The Social Services and Health Care Division’s new operating models have been adopted throughout the city. The development of three operating models (health and wellbeing centres, family social services centres and services for the elderly) continues with the aim of closer integration, which will be especially beneficial to customers who rely heavily on these services. Closer cooperation between the operating models for family social services centres, health and wellbeing centres and services for the elderly is needed especially in terms of customer guidance and consultation practices. A phenomenon-based approach has been applied to the development of several service and care chains. New ways to provide services have been introduced, and the use of service vouchers, for example, has been expanded and a new service voucher system launched.

An action plan has been drawn up to reduce homelessness.

The coronavirus pandemic and the economic situation are hindering the progress and implementation of several development processes. The city’s efforts to improve access to health centre services, for example, have understandably been hampered by the pandemic. It will take time to change the city’s organisational culture and fully adopt the new operating models.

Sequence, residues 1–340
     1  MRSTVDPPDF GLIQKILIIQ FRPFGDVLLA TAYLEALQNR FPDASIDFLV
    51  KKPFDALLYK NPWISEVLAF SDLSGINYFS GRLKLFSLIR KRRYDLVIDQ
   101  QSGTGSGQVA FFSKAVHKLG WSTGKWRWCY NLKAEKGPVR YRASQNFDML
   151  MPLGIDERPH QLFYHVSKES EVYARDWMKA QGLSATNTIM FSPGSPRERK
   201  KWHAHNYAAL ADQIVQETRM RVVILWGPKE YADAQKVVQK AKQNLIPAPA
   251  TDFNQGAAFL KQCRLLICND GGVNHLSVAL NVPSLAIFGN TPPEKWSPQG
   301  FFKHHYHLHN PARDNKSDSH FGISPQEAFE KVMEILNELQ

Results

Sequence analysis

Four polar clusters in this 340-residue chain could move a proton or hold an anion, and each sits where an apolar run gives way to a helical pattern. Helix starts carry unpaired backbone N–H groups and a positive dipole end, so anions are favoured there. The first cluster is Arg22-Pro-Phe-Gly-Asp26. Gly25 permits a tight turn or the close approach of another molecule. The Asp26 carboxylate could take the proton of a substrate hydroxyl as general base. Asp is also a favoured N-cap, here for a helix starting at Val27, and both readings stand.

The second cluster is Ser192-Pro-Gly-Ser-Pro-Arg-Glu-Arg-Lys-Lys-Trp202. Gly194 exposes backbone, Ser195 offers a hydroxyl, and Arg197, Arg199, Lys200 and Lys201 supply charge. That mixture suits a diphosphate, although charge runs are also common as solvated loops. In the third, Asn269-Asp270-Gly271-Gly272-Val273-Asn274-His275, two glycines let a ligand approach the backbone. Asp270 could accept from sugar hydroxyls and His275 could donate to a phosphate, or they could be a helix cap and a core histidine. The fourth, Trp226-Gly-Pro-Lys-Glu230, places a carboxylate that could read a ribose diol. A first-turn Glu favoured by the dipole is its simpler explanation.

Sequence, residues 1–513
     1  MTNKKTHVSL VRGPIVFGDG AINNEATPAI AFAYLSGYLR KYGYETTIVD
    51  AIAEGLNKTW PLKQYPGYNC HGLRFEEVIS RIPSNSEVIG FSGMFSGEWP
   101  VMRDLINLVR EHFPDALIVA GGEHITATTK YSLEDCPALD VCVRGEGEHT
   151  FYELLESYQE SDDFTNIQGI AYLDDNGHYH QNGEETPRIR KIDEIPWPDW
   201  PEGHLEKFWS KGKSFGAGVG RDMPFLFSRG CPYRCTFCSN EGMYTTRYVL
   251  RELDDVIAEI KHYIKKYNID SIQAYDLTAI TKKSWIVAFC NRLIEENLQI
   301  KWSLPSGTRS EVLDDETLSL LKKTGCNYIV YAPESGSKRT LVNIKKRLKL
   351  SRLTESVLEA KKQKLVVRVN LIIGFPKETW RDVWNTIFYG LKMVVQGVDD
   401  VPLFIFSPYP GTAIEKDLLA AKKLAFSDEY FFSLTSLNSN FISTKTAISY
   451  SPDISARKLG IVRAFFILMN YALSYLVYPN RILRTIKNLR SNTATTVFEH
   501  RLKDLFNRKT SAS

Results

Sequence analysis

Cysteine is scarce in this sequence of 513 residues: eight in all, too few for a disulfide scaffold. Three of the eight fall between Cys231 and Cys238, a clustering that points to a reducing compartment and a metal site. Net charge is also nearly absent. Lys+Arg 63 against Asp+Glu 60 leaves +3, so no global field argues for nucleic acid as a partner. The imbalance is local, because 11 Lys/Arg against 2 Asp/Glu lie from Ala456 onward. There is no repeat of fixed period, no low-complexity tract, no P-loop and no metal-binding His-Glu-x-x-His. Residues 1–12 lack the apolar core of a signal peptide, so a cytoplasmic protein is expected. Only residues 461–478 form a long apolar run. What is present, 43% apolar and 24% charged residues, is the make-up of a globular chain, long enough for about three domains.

Customer volumes and the demand for services for the disabled and child welfare services, for example, continue to grow despite development efforts.

New, groundbreaking services have been developed in response to the coronavirus pandemic, including distance services, detached services, a city-wide helpline, and cooperation across the Capital Region.

A number of surveys have been conducted to measure user satisfaction with the city’s digital services. Of the 2,623 respondents, 74% considered online services easy to use from a technological perspective. The City of Helsinki’s website was given an NPS of 33. A total of 12.2% of residents aged between 16 and 89 found the websites of the city’s public services difficult to use (8.2%) or did not use them at all (4.0%).

A new events concept called Helsinki New Horizons has been finalised and launched online. The number of participants is many times that of local events. Systematic efforts have been made to increase online interaction and to introduce new ways for the public to influence urban development online.

A total of 26 open interfaces have been developed for the city’s nearly 900 information systems. The interfaces have enabled residents to, for example, follow the progress of Helsinki City Construction Services’ snow clearance in real time and browse feedback given to the city by theme or area.

Helsinki is the world’s most impactful place for learning

In Helsinki, the whole city is utilized as a place for learning for people of all ages. Digital technology enrichens the learning process and enables learning regardless of time and place.